Beer Agents for Change release 2022 Diversity Survey Results

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Following the beer industry’s global #MeToo reckoning in 2021, Beer Agents for Change was formed by a group of experienced industry professionals. The group wanted to understand the experiences of those employed in the beer industry in Australia and a survey was undertaken to benchmark the state of the industry. To solve a problem, or to even make changes that will be effective, it is important to continue to quantify and qualify the issues that exist.

The initial results from the 2021 survey were illuminating and revealed problematic issues. With a continued view to present this survey annually, Beer Agents for Change shared a follow up survey to take a snapshot of people’s experiences in the last 12 months. The survey was created for everyone employed in the beer industry to collect data from those working in every aspect of beer – from brewery owners to brewers, accountants, sales reps and bartenders.

The results presented in the follow up survey in 2022 show that the beer industry remains on similar ground to the 2021 survey in terms of both gender and ethnic diversity overall. The gender split of survey respondents was 48% female identifying, which anecdotally is not representative of the overall industry.

Results of this survey indicate that a significant portion of respondents who have not personally experienced discrimination tend to believe it does not exist.

Being part of the majority means not regularly being confronted with a lack of diversity and a failure to realise that others’ experiences are different from one’s own.

While gender diversity in total company employment has improved, the lack of women or nonbinary people in senior roles remains unbalanced – with 40% of respondents claiming less than 10% of women or non-binary people in senior roles in their organisation.

There were several perceived barriers to career progression and entry into the industry highlighted throughout the survey, with the biggest barriers identified as general lack of diversity and inclusion and lack of resources in relation to small business set up.

One respondent said, “It’s an industry of mates, hiring people that look and feel like you,” while another referenced small business obstacles; “Small business does not generally have clear
paths for careers (and we have lots of small businesses), so it is still a risk to be in this industry if you want a stable progressing career.”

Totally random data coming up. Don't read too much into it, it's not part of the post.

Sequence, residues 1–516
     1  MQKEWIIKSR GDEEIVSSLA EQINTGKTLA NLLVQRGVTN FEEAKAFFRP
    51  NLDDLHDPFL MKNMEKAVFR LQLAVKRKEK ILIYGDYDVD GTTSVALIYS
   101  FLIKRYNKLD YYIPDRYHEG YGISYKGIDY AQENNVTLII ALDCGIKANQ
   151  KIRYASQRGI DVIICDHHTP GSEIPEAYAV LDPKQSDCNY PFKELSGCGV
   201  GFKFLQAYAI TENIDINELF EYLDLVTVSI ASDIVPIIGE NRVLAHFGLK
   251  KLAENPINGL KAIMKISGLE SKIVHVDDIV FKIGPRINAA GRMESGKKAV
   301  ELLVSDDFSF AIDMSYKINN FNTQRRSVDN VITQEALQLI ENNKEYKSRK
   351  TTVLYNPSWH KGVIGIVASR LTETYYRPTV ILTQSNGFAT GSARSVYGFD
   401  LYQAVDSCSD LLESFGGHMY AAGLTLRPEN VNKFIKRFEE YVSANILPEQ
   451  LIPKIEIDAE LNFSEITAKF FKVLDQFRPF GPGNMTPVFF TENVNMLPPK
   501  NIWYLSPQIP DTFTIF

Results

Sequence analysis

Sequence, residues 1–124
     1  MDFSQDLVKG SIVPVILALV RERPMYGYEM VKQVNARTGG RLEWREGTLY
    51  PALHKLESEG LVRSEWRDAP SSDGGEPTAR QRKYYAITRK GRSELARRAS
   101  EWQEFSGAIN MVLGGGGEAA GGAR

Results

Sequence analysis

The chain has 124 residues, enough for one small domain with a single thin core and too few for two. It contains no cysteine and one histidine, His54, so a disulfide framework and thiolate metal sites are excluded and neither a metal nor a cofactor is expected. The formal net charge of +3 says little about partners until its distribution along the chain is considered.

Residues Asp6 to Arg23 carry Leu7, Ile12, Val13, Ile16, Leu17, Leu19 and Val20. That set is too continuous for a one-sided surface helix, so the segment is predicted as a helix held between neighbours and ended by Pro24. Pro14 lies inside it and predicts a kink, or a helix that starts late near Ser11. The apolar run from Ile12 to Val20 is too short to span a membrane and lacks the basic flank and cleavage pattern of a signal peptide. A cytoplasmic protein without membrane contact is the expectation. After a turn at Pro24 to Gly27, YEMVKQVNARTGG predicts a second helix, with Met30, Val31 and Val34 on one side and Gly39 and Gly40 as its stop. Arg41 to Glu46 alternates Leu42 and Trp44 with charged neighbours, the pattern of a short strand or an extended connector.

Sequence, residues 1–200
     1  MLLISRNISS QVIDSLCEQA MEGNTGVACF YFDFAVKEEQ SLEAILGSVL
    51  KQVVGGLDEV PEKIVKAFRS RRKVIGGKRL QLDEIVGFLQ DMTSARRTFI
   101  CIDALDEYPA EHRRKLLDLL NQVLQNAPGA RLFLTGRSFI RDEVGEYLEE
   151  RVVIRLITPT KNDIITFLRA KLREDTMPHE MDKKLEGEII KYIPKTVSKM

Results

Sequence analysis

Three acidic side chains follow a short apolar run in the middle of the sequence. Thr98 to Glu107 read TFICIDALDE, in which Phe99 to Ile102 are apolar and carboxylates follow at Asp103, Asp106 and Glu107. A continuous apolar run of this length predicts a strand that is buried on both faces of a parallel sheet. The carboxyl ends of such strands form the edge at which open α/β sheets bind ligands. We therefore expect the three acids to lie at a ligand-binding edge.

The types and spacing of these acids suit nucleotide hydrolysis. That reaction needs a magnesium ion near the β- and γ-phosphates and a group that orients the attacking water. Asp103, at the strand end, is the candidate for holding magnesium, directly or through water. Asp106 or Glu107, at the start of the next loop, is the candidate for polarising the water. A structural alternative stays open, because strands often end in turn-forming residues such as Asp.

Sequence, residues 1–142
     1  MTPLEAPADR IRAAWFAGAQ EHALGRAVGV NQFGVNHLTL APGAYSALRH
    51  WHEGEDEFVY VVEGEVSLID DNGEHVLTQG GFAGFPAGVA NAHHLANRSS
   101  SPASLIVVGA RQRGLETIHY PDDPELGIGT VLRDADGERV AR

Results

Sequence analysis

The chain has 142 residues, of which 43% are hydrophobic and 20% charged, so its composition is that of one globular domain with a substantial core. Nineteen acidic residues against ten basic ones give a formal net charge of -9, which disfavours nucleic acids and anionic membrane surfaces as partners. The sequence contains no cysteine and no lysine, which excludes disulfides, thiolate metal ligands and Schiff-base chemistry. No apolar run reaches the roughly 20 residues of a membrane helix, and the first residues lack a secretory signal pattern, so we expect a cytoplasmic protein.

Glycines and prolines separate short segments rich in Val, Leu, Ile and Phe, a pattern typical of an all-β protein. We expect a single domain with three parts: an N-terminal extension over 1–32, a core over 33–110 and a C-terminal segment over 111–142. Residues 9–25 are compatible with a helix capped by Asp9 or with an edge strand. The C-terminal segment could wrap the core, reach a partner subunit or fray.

Respondents still report discrimination and harassment in the workplace. 91% report experiencing discrimination in relation to gender, sexuality, race, appearance and/or age within the beer industry throughout their careers, with 47% reporting experiencing discrimination within the past 12 months.

In regard to harassment in relation to the gender, sexual, racial, based on appearance or age, 57% of respondents report having experienced this throughout their careers, sadly with 15% experiencing harassment in the past 12 months.  It is worth noting that 93% of those who have experienced abuse or harassment based on gender identify as women.

59% responded that they would use an external whistleblower service if it was available to those working in the industry.

With open-ended questions posed regarding the biggest perceived challenges and concerns in the beer industry, responses focused on two key issues – diversity and inclusion and a lack of accountability and consequences.

Safety is a concern with one respondent saying that the “lack of accountability for wrong doers via an inability to bring to light their actions,” remains a challenge in the industry.

One respondent stated an issue with community support saying “That not enough men are standing up in support and making noise. it feels like we have to fight the fight mostly alone.” There were some positive results highlighted between the first survey and the second to acknowledge, revealing that more businesses have a policy addressing ethnic diversity (almost half, which is up from one third); and the number of businesses who acknowledge indigenous custodians of land and names at key sites has doubled. Development towards a more inclusive and diverse industry by any means is important growth to celebrate.

While there has been increased attention on diversity and inclusion in the beer industry, the results of the 2022 survey show little progress have been made in terms of gender and ethnic diversity. Even more concerning is the fact that a significant portion of respondents who have not experienced discrimination themselves tend to deny its existence, highlighting a dangerous lack of awareness and empathy. It is clear that being part of the privileged majority has blinded many to the harsh realities of those who face discrimination and exclusion on a daily basis.

You can find the Diversity Survey Infographic here.

We thank survey respondents for their honesty and commitment to making change in the Australian beer industry. All data collected is anonymous and confidential, and used for industry

Members of Beer Agents for Change: Jayne Lewis, Jessie Jungalwalla, Roxy Boubis, Tiffany Waldron

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